Healthcare is awash with difficult decisions. Patients need to choose between treatment options that having no guarantee of working. Care providers are on the other end of that decision process, evaluating what options are worth sharing with patients and their families and which are not. Payers have an entirely different role in the process, attempting to encourage appropriate use of healthcare resources by choosing to pay for certain procedures and not for others.
There’s no question that it’s a messy process. Differing groups with differing priorities all weighing in on the same choices is a recipe for conflict. The conflicts bubble to the surface when someone says no on an issue when someone else wants the answer to be yes.
This issue has come up more and more often and we’re going to have more issues in the future. Drug shortages in recent years have forced some facilities to choose one patient to receive a particular medication while another does not. In other scenarios we see healthcare providers stockpiling medications, protecting their patients in the process but exacerbating shortages elsewhere. Likewise, as attempts to rein in healthcare costs continue, more patients in dire circumstances will get treatment pre-approval requests rejected.
This happens every day, and families are most often the ones left feeling disappointment and anger. Typically, though, these discussions, decisions, and the aftermath play out behind closed doors.
What happens when they don’t?
What happens when a disappointed family turns to social media and through a clever bit of jujitsu uses your own success in social media to turn your fan base against you? How do you respond?
This is the challenge facing Children’s Hospital of Philadelphia (CHOP). CHOP Nephrologists refused to perform a kidney transplant on a four-year-old girl because she has a genetic defect known as Wolf-Hirschhorn Syndrome (WHS). WHS causes many problems including mental retardation. There are many reasons why transplant programs refuse transplants. In this case, according to the family, the case was denied due to the child’s mental retardation.
The mother, Chrissy Rivera, tells her account of the encounter on a blog she co-authors about the challenges of raising a child with WHS. On its own, this engages a group of sympathetic and motivated people on her behalf.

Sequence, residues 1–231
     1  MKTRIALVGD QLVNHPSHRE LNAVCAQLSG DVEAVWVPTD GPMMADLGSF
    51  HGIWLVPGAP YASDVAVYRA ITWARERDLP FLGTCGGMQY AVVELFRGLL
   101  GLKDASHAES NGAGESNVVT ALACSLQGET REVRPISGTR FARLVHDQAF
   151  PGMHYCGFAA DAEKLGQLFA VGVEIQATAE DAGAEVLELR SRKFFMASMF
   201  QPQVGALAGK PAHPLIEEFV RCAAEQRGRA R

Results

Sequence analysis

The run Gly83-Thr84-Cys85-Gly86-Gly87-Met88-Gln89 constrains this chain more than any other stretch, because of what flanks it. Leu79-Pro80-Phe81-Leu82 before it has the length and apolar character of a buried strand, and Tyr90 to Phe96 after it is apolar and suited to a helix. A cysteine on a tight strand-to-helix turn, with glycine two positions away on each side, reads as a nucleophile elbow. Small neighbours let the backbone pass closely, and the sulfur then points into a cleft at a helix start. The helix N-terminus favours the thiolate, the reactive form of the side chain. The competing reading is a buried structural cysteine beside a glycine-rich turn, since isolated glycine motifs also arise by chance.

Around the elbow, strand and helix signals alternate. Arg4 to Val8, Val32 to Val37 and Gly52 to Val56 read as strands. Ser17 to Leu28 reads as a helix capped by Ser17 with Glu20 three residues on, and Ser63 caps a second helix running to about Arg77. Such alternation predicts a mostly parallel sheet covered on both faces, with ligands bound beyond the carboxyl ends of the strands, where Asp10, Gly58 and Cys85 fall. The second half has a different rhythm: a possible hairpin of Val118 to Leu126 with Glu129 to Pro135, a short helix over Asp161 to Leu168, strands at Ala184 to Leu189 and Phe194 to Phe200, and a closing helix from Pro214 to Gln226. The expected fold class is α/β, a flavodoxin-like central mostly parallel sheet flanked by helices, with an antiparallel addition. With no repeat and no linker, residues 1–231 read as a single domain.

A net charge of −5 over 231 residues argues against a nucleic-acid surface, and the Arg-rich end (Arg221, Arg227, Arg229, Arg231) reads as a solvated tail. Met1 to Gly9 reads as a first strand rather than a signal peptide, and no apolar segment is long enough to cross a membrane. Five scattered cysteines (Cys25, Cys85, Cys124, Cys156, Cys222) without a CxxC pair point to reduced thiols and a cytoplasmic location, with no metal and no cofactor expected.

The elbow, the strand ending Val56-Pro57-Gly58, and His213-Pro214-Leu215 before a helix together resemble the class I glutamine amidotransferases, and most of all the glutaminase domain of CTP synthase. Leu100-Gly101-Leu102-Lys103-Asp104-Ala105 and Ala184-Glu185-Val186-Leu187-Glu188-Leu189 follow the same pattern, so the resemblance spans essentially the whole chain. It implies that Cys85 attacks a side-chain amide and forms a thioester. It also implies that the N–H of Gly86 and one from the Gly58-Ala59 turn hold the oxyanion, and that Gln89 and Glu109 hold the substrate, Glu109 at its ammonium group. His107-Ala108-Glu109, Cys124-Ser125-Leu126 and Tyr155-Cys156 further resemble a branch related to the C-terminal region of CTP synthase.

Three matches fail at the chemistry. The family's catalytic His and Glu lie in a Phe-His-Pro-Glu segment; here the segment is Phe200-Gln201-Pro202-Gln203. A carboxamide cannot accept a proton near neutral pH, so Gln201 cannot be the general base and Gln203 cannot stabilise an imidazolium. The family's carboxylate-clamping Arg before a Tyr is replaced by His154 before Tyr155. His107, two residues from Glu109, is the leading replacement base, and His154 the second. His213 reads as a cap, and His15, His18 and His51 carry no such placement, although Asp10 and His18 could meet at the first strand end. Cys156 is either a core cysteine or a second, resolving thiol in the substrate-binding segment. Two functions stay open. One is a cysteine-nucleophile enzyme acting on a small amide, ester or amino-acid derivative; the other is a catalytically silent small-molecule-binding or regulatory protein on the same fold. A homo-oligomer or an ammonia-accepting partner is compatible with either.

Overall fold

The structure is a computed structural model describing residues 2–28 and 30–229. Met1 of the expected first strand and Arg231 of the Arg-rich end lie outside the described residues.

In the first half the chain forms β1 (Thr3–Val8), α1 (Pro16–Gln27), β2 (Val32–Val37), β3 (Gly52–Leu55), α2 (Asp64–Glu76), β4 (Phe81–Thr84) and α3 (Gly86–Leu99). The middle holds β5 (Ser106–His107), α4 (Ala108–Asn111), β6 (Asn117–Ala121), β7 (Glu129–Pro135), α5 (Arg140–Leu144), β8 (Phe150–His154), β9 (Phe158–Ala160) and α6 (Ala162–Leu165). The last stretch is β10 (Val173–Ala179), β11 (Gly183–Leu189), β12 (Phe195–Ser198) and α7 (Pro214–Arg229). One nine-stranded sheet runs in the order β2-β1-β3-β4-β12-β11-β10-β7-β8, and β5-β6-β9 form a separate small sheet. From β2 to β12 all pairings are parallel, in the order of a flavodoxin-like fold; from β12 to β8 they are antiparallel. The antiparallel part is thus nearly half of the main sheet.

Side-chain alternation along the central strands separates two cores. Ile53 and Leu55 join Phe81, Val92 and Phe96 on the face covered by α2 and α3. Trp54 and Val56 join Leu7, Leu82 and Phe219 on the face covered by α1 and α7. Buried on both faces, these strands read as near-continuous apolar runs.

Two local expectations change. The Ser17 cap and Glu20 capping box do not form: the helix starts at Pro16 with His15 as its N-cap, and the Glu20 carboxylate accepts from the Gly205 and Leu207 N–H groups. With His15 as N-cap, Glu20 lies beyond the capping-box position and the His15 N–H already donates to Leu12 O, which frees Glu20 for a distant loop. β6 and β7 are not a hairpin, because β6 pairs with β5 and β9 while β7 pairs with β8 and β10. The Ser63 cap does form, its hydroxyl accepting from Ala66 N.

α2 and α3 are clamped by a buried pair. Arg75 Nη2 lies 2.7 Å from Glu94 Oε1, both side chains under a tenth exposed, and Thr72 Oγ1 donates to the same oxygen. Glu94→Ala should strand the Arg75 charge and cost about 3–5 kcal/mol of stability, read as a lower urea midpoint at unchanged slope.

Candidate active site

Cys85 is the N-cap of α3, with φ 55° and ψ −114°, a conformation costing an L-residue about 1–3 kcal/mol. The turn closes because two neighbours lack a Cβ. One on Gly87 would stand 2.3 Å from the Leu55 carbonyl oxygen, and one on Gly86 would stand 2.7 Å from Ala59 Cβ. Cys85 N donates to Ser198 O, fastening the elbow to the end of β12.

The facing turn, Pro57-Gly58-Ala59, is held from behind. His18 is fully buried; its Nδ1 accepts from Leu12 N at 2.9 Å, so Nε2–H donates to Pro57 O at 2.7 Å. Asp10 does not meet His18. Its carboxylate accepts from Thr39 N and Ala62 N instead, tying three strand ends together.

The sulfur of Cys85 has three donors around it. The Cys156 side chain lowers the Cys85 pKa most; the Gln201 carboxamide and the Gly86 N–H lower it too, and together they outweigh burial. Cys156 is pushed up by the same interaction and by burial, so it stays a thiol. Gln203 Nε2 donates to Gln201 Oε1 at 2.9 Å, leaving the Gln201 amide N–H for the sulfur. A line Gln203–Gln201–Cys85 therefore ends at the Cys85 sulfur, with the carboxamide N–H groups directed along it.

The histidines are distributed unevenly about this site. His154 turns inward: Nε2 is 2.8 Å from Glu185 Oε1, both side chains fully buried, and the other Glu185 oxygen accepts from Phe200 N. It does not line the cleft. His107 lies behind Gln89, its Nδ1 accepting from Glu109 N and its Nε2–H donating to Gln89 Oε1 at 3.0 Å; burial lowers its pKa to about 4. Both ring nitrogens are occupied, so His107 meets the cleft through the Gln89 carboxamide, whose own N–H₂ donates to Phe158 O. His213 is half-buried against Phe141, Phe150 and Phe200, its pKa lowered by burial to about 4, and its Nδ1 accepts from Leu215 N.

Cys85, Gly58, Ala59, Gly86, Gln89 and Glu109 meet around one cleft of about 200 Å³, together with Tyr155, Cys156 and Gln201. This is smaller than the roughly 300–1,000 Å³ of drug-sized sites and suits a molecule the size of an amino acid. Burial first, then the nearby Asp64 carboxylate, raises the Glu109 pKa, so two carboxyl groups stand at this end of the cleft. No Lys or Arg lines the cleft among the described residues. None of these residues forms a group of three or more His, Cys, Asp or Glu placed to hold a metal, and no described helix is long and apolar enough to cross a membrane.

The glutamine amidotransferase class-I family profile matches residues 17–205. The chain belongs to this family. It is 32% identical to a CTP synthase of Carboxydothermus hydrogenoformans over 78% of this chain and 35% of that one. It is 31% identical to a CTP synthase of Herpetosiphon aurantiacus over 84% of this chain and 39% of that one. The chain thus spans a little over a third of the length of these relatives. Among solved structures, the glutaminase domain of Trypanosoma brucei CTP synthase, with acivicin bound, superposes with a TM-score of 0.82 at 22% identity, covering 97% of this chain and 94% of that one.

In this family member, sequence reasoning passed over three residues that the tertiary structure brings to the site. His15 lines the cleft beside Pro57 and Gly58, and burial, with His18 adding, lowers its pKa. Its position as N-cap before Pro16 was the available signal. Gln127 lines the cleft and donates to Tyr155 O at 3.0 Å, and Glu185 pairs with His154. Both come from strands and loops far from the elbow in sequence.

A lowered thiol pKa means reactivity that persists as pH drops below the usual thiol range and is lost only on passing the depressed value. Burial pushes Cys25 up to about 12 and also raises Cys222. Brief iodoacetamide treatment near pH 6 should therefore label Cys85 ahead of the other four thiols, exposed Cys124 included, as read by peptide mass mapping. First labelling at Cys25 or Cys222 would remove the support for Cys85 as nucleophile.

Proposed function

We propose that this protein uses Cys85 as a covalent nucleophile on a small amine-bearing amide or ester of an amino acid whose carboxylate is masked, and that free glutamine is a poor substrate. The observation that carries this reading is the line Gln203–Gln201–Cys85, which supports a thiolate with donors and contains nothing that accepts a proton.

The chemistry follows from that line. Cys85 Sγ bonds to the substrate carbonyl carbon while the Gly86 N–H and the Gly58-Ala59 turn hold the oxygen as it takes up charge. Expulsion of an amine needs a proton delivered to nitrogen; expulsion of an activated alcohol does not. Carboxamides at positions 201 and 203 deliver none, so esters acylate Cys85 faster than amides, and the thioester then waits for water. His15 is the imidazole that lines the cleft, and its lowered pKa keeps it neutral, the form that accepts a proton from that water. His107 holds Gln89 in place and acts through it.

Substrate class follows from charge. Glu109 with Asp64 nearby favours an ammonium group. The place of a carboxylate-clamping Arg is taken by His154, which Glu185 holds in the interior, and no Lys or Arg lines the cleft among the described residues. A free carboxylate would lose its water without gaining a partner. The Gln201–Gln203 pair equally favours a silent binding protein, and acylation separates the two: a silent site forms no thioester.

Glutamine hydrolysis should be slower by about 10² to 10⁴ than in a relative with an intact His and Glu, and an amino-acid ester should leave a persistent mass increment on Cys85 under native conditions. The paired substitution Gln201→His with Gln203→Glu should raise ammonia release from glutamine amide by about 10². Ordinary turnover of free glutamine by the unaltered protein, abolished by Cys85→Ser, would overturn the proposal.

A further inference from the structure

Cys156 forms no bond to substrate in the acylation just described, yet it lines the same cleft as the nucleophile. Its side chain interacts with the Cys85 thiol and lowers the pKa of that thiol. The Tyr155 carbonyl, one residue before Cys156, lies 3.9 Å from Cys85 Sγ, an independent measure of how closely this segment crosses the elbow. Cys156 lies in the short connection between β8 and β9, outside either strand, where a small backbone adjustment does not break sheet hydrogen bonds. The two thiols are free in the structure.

The larger public relations challenge presented to CHOP comes on Facebook, where their wall has been dominated for days by pleas to rethink the decision. This, of course, puts the message in front of the hospital’s 32,000+ Facebook fans, many of whom are liking, sharing and commenting.
I am profoundly unqualified to comment on the moral issues underlying this decision. But it does illustrate the challenges that healthcare organizations face when dealing in a socially connected world.
This type of challenge is far more difficult to address than typical consumers brands (such as Nestle) that have faced social media backlash. Hospitals can’t respond to claims directly due to patient confidentiality issues.
So in essence, CHOP’s in a fight with one hand tied behind their back!
With those hurdles in the way, CHOP is dealing with the issue well:
- Despite a great many challenges from page visitors, CHOP is carefully avoiding any discussion of the patient’s case or health situation and remains respectful of the opinions and feelings of everyone engaged in the discussion.
- Although I’m certain that it is uncomfortable, they appear to be leaving all visitor posts on their page. A good choice as deleting negative posts would likely further anger the community.
- CHOP has issued a statement acknowledging that they are listening and reiterating their policies, values and history as relates to this issue. A custom Facebook tab has been created and is the default landing page for anyone coming to visit CHOP on Facebook.
- The organization is discussing the issue with the family offline.
Of course, none of this has made the issue go away. It is, however, the best approach available from a PR perspective. This is simply one of those issues that must be addressed operationally and individually with the family. Until that happens, encouraging open discussion and being good listeners is the best way to mitigate the damage.